Visionaries transform eye research

3 April 2017
Vital research making a difference now and for the future

For more than three decades, the Save Sight Institute has been world leader in eye research. Professor Peter McCluskey knows how important bequests have been to achieving its many breakthroughs. 

Peter McCluskey

Professor Peter McCluskey.

“Having good vision is critically important – if you can see well, you will age well and age productively,” says Peter McCluskey, Professor of Clinical Ophthalmology and Eye Health, and Director of the Save Sight Institute. The institute forms part of the University of Sydney Medical School, and incorporates the University’s Discipline of Clinical Ophthalmology, which is responsible for the teaching of ophthalmology and research skills to undergraduate and postgraduate medical, ophthalmology, research and vision science students. Through the discipline of ophthalmology, the Save Sight Institute is responsible for training 80 percent of ophthalmologists in NSW.

The institute’s clinic provides specialist services across the spectrum of ophthalmic conditions, with a focus on rare eye conditions, specialist investigations and research. As a tertiary referral centre, the clinic attracts the most severe and complex eye disorders, and leads research into eye diseases and conditions throughout Australia and overseas. Its renowned team of researchers and doctors is at the forefront of ophthalmic breakthroughs, and their findings have saved the sight of many people living with eye disease since the institute was formed in 1985.

Some of this research includes the use of intravitreal steroids for macular diseases. The first clinical trials were conducted at the institute in the 1990s, and their use is now ‘standard of care’ treatment for many different macular diseases. “Intraocular steroids have been applied to diabetic retinopathy, macular oedema and retinal vascular disease. It has revolutionised the outcomes of many of those diseases,” Professor McCluskey says.

“People who have vision impairment, or who are legally blind with severe vision impairment, have much higher rates of depression, falls, hip fractures, and hospital admissions,” he adds. “If you can’t see you become socially isolated, you become reliant on others, and you lose independence.”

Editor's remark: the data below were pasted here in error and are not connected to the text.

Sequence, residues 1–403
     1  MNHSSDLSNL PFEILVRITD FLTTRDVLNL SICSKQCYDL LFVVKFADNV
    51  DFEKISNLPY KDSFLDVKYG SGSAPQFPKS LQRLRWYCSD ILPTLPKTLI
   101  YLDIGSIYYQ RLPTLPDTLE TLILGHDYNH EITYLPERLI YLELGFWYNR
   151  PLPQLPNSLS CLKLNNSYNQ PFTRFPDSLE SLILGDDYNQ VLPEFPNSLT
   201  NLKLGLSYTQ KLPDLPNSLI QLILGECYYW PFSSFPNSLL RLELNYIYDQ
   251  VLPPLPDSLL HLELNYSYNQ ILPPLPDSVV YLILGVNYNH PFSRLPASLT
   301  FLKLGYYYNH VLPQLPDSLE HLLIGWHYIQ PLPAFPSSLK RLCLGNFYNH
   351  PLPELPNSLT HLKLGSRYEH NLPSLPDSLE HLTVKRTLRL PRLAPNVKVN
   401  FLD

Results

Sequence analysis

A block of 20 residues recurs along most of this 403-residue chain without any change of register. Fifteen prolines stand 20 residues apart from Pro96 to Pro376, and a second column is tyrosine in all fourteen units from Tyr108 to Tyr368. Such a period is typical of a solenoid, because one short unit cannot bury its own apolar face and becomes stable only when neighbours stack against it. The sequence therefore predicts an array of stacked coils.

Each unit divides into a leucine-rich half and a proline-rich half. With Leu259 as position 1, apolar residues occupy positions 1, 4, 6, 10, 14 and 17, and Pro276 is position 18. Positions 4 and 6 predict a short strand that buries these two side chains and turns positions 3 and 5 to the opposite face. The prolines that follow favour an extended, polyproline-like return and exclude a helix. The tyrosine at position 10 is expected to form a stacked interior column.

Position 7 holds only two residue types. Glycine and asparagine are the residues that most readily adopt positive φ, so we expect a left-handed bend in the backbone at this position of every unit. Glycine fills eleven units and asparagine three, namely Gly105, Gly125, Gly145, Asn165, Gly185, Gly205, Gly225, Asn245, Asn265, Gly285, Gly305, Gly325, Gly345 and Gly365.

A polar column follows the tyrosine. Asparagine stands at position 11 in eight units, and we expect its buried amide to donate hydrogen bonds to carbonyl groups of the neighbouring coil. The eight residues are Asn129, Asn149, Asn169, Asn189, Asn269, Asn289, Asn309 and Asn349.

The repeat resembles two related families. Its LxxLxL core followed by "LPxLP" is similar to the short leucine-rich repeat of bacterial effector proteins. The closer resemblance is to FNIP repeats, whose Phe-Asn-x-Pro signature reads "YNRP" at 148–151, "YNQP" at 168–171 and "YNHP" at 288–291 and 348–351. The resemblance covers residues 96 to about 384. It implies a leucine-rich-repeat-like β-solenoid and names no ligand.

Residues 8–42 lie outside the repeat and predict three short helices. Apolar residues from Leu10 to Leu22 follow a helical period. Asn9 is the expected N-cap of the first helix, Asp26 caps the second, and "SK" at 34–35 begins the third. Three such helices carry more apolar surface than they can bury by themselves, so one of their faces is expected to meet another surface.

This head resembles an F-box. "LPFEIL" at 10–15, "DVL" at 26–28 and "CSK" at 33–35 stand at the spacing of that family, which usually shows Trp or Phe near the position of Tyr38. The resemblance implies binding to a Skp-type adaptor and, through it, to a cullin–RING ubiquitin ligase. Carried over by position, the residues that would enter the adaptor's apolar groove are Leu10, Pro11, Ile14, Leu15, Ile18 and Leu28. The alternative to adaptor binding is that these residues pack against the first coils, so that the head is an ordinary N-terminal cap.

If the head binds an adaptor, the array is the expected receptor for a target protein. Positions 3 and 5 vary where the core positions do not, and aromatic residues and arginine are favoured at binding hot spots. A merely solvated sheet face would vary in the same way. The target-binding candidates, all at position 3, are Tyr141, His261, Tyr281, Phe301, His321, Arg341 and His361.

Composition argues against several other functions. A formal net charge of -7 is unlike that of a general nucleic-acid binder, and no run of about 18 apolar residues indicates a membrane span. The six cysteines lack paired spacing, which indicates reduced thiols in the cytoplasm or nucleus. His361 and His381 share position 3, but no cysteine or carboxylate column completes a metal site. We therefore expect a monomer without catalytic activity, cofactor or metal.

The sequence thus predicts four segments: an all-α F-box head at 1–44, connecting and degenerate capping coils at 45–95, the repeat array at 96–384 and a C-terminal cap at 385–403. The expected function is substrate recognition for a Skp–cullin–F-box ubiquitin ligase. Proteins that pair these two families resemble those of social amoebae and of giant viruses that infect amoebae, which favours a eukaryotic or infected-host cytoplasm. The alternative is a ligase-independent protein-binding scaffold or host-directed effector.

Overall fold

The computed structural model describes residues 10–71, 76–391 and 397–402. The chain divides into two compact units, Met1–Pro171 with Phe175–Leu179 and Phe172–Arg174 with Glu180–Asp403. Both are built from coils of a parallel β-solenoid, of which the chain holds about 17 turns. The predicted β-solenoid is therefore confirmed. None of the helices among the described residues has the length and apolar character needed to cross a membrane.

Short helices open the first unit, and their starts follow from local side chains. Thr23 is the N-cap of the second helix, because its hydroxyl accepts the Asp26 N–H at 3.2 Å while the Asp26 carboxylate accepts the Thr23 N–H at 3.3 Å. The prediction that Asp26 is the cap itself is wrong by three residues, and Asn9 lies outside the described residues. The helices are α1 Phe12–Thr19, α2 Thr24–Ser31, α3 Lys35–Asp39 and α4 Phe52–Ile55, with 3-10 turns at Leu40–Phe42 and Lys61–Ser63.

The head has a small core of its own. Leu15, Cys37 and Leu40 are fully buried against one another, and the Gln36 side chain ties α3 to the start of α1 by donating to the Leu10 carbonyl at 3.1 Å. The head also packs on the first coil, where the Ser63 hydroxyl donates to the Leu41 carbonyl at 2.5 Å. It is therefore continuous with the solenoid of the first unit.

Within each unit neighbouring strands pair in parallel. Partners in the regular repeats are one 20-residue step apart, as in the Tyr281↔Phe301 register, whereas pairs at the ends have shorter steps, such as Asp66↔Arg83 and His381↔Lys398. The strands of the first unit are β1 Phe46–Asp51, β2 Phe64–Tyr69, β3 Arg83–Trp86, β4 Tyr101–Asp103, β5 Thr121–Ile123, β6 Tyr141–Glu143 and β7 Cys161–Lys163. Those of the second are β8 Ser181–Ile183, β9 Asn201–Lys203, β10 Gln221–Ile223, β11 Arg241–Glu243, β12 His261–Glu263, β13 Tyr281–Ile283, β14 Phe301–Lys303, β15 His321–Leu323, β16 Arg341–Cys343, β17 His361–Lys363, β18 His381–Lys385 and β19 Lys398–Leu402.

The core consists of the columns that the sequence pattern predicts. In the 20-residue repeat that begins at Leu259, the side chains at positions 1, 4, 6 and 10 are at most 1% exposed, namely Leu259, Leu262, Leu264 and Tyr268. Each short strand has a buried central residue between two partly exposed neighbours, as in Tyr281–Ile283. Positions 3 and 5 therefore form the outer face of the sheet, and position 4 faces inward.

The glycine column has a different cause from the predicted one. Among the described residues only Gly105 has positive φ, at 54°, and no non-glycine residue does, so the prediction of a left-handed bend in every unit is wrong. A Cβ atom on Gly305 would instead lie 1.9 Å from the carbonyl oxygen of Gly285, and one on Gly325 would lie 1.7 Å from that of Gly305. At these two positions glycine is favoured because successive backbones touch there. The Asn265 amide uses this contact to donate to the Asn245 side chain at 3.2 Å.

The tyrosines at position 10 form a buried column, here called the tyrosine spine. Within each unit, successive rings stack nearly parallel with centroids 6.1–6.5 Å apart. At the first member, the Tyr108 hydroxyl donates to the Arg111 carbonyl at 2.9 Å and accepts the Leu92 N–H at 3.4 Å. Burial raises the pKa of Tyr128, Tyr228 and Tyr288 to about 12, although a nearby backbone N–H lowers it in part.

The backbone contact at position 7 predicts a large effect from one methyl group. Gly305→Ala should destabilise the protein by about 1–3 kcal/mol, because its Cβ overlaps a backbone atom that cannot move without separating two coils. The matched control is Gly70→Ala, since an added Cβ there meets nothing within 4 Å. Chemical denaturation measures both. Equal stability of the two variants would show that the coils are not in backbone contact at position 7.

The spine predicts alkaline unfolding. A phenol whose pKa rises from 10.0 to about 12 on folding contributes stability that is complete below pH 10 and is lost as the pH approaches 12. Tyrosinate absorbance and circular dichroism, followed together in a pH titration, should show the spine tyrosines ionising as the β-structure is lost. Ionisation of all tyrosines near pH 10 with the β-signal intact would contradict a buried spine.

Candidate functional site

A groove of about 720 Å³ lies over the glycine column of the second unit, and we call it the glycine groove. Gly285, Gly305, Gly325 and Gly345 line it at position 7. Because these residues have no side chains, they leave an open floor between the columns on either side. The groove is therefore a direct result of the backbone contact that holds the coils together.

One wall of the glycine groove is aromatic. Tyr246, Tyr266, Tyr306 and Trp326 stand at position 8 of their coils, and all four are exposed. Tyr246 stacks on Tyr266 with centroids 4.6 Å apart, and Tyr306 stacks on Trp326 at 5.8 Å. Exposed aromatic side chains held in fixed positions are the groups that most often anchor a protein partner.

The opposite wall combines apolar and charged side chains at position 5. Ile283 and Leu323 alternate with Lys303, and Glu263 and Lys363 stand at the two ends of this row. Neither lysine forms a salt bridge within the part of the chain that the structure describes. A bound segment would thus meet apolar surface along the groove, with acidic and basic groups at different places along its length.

With a team motivated to minimise the impacts of eye disease and related conditions, Professor McCluskey says the institute relies on the generosity of its benefactors.

“Bequests and donations are critically important to our ability to flourish as a research institute,” he says. “Bequests such as Diana Mackintosh’s for macular degeneration research are vital for us, and this one came at a timely moment.”

Ms Mackintosh’s substantial donation of almost $300,000 will support the Macular Research Group, which develops new treatments to reduce the prevalence of blindness from macular disease. The group is headed by Professor Mark Gillies, and made up of three cohesive research units working closely with Sydney Eye Hospital. Donations are also funding an international project, led by Professor Gillies, looking at causes of a common macular disease known as MacTel, or macular telangiectasia. Researchers are trialling potential treatments for this previously untreatable disease.

Mark Gillies

Professor Mark Gillies.

A recent donation from John and Shirley Sarks will fund a researcher in perpetuity to perform research on age-related macular degeneration, building on the Sarks’ groundbreaking research from the 1970s and 80s.

“Not only have the Sarks made a generous contribution to eye research, they have given us their collection of specimens, which is unparalleled anywhere in the world,” says Professor McCluskey. “Now we have a researcher to apply modern techniques to this disease and we’ve got the specimens on which to do it.”

Research at the institute covers all major parts of the eye and is integrated across laboratory research, clinical trials, implementation and ongoing patient monitoring. Research areas include cataract, corneal, eye cancer, lens development, macular, retinal blindness, glaucoma, ocular repair, ophthalmic pathology, retinal development, inflammatory eye disease and more.

The institute is well placed, through its  combined clinical and research-based strategies, to apply expertise from across the University in genome engineering, sequencing, vector and stem cell technology, to these issues causing blindness.

“For diseases of the eye’s window – the cornea – we are also finding solutions,” Professor McCluskey says. “This is critical, as corneal disease is a leading cause of irreversible visual impairment that affects all ages.” 

Professor Stephanie Watson’s team at the institute has developed therapies to treat corneal disease. Stem cell therapies have restored sight and, for corneal infection (keratitis), new models of care are reducing the burden on both the patient and the health system.

“We have also created ‘Save Sight Registries’ to track the progress and outcomes for people being treated for these diseases in real time,” says Professor McCluskey. “The module for macular degeneration is the largest, prospectively gathered database of patient outcomes for treatment of macular degeneration in the world.”

The data being gathered from the registries is leading to a better understanding of outcomes, and is changing the way these diseases are treated. Much of Save Sight Institute’s research is conducted thanks to the generosity of people like Ms Diana Mackintosh.

How you can help

If you would like more information on how to support the Save Sight Institute, please contact the Planned Giving team on +61 2 8627 8824, or online at

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